Morgan Siobhan Green (Eurydice) and Nicholas Barasch (Orpheus) and the Fates in "Hadestown" (T Charles Erickson)

The musical centers on two intertwining love stories loosely adapted from Greek mythology.

Praising the many virtues of Hadestown, the multi-award-winning musical by Anais Mitchell now playing at the Fisher Theatre, seems somehow insufficient. Commending the talented cast, the inventive set and lighting design and the imaginative songs cannot capture the overall feeling of hope this show evokes, despite its grim depiction of life in the underworld.

It is easy to see why Hadestown ruled the 73rd Tony Awards ceremony after its 2019 Broadway opening, earning 14 nominations and eight wins that included best musical, best book, lyrics and music (all by Mitchell) and best director, Rachel Chavkin, who was also Mitchell’s co-developer.

The musical skillfully combines mythology, romance, social commentary and psychological insight to create a show that is authentic and heartfelt. The musical centers on two intertwining love stories loosely adapted from Greek mythology. One is the legend of Orpheus and Eurydice, an idealistic young man with a golden voice who sets out to rescue his true love, a nymph who has descended to the world below after dying from a snake bite. The other relationship involves Hades, ruler of the underworld, and his wife, Persephone, the goddess of spring and flowers.

In Hadestown, Eurydice (Morgan Siobhan Green), abandoned by Orpheus during the cold and barren winter, is lured to the underworld by Hades’ promise of a warm bed and a full stomach. Realizing she has gone, Orpheus (Nicholas Barasch) sets out on a perilous journey to bring her home. At the same time, Hades (Kevyn Morrow) and Persephone (Kimberly Marable) struggle as she becomes increasingly disillusioned with his elitism and growing power.

With ample acting talent and an exquisite singing voice, Green gives life to the feisty street waif who sacrifices love for a disastrous deal. True to the legend of Orpheus, Barasch imbues the character with boyish charm and an extraordinary voice that climbs to an ethereal falsetto and back again as he composes the song that will fix the world’s wrongs.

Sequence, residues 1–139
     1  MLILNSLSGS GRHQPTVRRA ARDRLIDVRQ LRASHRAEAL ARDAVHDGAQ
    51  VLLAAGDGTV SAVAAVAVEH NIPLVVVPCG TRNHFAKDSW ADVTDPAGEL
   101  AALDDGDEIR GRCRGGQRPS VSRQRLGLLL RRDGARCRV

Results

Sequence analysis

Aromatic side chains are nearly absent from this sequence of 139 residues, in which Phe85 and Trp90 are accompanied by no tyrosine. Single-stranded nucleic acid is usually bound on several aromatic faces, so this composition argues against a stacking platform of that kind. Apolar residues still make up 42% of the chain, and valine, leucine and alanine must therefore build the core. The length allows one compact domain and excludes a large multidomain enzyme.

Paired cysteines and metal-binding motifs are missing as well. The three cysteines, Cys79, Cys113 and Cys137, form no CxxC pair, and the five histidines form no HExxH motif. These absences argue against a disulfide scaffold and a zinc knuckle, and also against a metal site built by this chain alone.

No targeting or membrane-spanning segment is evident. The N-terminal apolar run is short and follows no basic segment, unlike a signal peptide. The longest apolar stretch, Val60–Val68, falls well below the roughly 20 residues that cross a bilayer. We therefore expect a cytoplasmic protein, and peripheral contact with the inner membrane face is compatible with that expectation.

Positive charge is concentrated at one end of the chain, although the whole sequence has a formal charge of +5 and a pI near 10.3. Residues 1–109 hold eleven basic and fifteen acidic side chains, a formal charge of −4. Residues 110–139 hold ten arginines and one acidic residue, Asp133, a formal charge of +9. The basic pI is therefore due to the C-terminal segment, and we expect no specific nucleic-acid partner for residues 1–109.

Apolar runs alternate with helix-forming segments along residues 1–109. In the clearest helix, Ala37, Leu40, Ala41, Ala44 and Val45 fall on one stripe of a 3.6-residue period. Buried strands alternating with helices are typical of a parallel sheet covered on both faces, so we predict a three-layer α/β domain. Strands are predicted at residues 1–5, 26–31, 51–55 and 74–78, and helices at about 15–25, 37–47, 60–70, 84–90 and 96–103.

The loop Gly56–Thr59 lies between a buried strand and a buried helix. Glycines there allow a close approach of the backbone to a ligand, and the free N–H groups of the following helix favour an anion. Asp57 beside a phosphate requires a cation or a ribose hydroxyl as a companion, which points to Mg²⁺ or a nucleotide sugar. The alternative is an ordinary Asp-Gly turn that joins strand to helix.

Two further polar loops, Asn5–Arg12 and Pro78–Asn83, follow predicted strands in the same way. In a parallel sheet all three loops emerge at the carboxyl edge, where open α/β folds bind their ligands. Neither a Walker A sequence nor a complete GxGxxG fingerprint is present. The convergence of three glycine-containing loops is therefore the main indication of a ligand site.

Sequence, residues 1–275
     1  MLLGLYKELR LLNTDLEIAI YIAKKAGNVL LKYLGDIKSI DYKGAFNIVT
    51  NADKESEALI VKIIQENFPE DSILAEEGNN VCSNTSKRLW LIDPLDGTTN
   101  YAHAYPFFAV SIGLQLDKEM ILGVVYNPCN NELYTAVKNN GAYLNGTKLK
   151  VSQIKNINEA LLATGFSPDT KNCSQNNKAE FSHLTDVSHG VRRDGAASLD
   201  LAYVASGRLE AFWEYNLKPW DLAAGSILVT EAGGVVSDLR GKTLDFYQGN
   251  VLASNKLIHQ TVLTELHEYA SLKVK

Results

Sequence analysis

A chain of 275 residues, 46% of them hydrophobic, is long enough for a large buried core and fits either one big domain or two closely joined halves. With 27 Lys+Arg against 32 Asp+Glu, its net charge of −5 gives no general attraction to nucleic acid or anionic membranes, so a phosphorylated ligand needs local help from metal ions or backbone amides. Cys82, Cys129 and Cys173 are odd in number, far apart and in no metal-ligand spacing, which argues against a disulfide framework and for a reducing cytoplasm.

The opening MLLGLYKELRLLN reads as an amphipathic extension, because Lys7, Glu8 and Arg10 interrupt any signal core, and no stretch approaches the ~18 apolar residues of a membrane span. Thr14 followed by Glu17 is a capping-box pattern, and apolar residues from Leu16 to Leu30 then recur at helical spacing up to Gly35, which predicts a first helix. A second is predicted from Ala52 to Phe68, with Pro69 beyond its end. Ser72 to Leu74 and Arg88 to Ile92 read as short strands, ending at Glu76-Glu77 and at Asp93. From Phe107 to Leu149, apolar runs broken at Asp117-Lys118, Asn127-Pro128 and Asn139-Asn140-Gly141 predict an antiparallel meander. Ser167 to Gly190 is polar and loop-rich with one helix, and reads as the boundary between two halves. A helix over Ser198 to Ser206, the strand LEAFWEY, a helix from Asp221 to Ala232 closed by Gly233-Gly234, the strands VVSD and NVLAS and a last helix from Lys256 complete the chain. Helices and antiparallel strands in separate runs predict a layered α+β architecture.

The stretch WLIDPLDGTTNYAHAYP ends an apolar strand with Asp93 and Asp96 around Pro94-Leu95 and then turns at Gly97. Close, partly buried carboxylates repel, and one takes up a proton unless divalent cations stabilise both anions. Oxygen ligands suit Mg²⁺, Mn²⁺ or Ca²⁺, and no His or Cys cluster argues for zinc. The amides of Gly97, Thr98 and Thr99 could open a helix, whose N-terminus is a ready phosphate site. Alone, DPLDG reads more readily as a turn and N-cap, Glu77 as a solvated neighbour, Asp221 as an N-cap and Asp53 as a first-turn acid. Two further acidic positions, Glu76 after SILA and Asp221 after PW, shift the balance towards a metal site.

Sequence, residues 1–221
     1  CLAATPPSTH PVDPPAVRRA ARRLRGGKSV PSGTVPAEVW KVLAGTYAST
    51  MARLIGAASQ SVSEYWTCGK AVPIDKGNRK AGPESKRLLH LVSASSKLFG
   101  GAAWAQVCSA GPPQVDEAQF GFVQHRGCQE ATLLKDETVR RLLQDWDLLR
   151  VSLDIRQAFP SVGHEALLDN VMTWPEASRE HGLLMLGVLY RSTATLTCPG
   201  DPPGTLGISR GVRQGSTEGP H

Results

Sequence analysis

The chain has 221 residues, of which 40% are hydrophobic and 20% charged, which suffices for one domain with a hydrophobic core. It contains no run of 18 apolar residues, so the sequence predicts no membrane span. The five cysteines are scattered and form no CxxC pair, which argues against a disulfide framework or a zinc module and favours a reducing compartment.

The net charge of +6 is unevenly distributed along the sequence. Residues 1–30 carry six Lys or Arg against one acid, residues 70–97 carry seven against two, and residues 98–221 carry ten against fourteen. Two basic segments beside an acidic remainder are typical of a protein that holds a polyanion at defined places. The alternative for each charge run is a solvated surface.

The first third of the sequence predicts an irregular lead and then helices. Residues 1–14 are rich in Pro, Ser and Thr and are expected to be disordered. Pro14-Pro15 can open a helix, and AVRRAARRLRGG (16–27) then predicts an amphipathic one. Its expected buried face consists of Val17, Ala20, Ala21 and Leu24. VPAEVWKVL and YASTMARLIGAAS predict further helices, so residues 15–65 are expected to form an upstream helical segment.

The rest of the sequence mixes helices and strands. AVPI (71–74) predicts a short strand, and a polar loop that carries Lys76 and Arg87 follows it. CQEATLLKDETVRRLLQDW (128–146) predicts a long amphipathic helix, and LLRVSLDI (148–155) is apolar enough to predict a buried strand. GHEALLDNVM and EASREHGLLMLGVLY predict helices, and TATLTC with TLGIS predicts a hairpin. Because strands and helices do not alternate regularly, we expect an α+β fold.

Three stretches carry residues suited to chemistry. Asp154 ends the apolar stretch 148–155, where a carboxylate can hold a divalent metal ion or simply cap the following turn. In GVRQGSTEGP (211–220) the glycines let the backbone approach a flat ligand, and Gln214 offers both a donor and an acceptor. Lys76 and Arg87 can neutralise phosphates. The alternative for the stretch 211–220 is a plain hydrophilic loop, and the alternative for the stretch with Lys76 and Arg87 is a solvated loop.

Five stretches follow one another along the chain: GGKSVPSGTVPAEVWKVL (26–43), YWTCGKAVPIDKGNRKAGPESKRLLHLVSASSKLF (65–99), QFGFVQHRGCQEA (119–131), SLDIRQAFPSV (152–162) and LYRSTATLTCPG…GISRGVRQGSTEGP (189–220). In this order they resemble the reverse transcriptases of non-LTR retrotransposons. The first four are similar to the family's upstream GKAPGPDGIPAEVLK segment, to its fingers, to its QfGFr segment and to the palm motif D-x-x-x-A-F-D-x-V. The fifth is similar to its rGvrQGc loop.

As the formidable Hades, Morrow is equally believable as a fearsome king and a vulnerable husband. His powerful baritone is most impressive in his rendition of “Why We Build the Wall,” a compelling and prescient song Mitchell wrote over a decade ago.

Marable is marvelous as the dark diva of the underworld who comes alive when spring returns to earth.

Acclaimed Broadway actor Levi Kreis, who originated the Jerry Lee Lewis role in “Million Dollar Quartet,” is Hermes, who provides entertaining commentary through song and narration while sporting a slick snakeskin suit.

Levi Kreis (Hermes) in "Hadestown"
Levi Kreis (Hermes) in “Hadestown” T Charles Erickson

Mitchell’s score, which also won a Grammy for best musical theater album, includes a mix of jazz, blues and ballads that provide the perfect vehicle for the characters to tell their stories. Seven onstage musicians add to the New Orleans vibe of the show created by Rachel Hauck’s Tony Award-winning set design. Lighting designer Bradley King also won a Tony Award for his innovative use of colored lighting to distinguish the fiery underworld switch from springtime on earth.

The show is further enriched by two distinct chorus groups: three multi-talented singers and musicians called the Fates, and a Workers’ Chorus, a five-member group of downtrodden underworld residents who provide a heartbreaking portrait of what happens to those who trade freedom for security.

While much of the story is a sad reflection of its grim setting, Hadestown manages to convey an overriding message of hope and love, something we can all use this holiday season and beyond.

All audience members must show proof of vaccination (or negative Covid test results) to enter the Fisher Theatre. Masks must be worn at all times inside the theater, regardless of vaccination status. Click here for more information about current Covid-19 protocols for all Broadway in Detroit events.

“Hadestown” runs through Sunday, Dec. 5, at the Fisher Theatre, 3011 W. Grand Blvd. in Detroit. Ticket prices start at $39. For tickets or more information, call 313-872-1000 or visit

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